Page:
-----that was shared with the Senator. As imitation is the sincerest form of flattery, I cannot logically oppose it-----
We like to flatter the Minister of State if we can.
-----but I am opposed to the Bill being handled in this way. I also reject some of the criticism regarding the civil rights issue. I am a strong supporter of civil rights, whether they be disability rights, the rights of the minority in Northern Ireland or international rights. Amendment No. 3 is again one of my own amendments that we shared with the Senator and which I cannot oppose.
The Minister of State has opposed another of them.
However, I notice that the text used in the amendment is an early draft in which we spotted a mistake, that being the inclusion of the words "following consultation with the Commission". That error was subsequently corrected. The "Commission" is the Irish Human Rights and Equality Commission, IHREC. The definition is taken from its Act and the IHREC does not need to be referred to here. That phrase might be taken out on Report Stage. Otherwise, I am not going to oppose this group of amendments.
I know we are speaking to the amendments but this is the first time in the year and a half I have been in this House that I have been ashamed of how business is being conducted here. I do not think it has ever been heard of for a Minister of State to say that the Government would share draft amendments with every Senator and I do not think that was done in the name of transparency. It was done when it became very clear that the House would be divided and the proposed deletions of those very important sections of this Bill would not be made because this House was going to vote against the Minister of State's amendments. That is when it was decided to pull the amendments. I am absolutely disgusted. I do not want to stay here to keep debating this issue because it is fictional. We are pretending we are discussing a Bill when we are not. This Bill is about recognition but without the parts that will now be deleted on Report Stage, it is tokenistic because we will not have public bodies to prepare and implement action plans on Irish Sign Language. In the amendments sent to Senators, the Government proposed to delete that section. It proposed to delete the section providing for classes for the parents of deaf children. An amendment was proposed to the section permitting the use of Irish Sign Language in legal proceedings and the section providing for the making available of a sign language interpretational service. It was proposed to delete the section introducing statutory targets regarding the accessibility of television programmes. The Government intended to delete the section providing for the regulation of Irish Sign Language interpreters, deaf interpreters and Irish Sign Language teachers and for that purpose the establishment of the Irish Sign Language council and with this provide for the establishment of registers, continuing education requirements, offences, amendment of the Broadcasting Act 2009 and for related matters.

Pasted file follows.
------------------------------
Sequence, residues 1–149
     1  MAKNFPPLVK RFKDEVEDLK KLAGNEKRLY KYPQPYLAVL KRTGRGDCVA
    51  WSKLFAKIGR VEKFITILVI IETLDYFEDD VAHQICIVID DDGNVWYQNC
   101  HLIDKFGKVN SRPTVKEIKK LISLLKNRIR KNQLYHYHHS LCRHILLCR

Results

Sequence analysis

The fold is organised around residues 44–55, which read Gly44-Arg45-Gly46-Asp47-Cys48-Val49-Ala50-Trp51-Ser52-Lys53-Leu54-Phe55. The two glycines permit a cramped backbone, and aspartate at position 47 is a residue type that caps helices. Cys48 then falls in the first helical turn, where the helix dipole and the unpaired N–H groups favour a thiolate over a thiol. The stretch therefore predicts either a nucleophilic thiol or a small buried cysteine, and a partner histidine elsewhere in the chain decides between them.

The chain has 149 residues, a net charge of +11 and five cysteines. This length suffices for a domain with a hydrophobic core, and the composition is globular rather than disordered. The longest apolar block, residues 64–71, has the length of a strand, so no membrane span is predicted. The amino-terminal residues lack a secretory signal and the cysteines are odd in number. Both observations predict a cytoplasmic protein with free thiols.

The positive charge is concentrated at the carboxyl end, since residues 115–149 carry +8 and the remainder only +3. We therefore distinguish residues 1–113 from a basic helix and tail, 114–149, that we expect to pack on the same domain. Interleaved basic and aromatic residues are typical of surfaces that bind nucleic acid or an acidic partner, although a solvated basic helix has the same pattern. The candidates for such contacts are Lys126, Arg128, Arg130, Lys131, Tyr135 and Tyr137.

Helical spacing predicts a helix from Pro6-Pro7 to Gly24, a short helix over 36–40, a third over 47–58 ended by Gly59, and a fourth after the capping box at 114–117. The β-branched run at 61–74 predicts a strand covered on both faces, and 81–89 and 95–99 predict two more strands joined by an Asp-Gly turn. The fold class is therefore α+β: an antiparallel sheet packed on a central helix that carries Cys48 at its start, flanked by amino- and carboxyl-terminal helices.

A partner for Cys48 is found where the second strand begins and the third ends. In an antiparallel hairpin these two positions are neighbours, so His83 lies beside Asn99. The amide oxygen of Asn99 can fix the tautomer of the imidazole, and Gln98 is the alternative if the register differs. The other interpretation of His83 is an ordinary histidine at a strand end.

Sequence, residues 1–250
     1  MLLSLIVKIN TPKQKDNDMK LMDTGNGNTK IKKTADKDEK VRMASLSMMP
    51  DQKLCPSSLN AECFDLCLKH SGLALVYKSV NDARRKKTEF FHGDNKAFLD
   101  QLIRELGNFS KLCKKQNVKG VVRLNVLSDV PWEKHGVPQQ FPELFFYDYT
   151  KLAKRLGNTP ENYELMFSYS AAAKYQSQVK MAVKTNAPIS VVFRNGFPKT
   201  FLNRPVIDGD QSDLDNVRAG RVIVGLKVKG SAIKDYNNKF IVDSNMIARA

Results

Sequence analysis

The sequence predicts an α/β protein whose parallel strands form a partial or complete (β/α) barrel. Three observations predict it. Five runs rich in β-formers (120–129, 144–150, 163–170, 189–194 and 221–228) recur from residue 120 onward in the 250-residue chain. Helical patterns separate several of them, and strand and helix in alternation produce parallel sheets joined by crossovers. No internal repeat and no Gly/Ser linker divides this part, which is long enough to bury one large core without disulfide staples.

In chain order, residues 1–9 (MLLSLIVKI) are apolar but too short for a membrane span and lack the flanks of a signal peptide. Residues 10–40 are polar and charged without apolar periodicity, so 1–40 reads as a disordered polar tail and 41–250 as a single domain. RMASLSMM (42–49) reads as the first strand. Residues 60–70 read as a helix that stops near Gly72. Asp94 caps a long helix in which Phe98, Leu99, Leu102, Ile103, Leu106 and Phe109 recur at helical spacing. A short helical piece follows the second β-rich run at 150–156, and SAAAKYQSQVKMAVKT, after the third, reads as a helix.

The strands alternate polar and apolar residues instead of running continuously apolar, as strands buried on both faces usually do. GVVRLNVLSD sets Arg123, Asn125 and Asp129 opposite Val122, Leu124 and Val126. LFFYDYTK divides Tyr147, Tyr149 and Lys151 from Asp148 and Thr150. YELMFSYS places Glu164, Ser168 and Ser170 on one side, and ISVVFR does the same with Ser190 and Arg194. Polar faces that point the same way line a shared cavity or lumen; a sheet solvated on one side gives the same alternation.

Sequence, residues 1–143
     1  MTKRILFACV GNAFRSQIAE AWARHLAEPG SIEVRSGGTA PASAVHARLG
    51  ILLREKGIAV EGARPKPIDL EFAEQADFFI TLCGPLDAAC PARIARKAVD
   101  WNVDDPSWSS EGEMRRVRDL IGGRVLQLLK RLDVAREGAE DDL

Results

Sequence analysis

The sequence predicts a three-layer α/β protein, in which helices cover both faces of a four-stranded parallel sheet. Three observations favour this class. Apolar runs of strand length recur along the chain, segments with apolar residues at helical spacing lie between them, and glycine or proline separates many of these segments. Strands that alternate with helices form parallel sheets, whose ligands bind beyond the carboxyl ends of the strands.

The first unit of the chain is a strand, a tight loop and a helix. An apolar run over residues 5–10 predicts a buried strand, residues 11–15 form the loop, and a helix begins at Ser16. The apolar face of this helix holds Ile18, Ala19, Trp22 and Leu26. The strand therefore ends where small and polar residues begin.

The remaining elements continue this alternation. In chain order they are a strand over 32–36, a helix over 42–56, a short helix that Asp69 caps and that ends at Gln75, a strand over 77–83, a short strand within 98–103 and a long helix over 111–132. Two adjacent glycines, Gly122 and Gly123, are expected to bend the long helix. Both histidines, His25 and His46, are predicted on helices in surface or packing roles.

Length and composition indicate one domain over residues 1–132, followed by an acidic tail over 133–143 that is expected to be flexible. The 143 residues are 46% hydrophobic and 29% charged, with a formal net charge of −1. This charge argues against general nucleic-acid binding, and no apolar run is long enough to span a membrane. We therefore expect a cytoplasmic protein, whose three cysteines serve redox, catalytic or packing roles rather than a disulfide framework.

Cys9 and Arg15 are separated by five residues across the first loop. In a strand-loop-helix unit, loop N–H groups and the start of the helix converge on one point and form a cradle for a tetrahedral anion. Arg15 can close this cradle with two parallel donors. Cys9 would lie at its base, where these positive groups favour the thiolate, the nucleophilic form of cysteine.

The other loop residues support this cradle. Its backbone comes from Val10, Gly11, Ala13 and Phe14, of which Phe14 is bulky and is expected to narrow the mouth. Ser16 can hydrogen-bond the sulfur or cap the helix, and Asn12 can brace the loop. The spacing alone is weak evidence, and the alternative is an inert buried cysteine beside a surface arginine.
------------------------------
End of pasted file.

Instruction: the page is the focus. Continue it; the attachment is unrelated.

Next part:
Recognition is not enough and if the Minister of State wanted to bring forward substantial amendments in order that we could produce something of value, he should have. It is not acceptable that he sits here today without doing what he said on the previous Stage he would do, which is to come back on Committee Stage with substantial amendments. He did not do that.
I understand the Senator is upset but I take it she is not impugning the integrity of the Chair.
I am not.
I thank the Senator. I wanted to clarify that.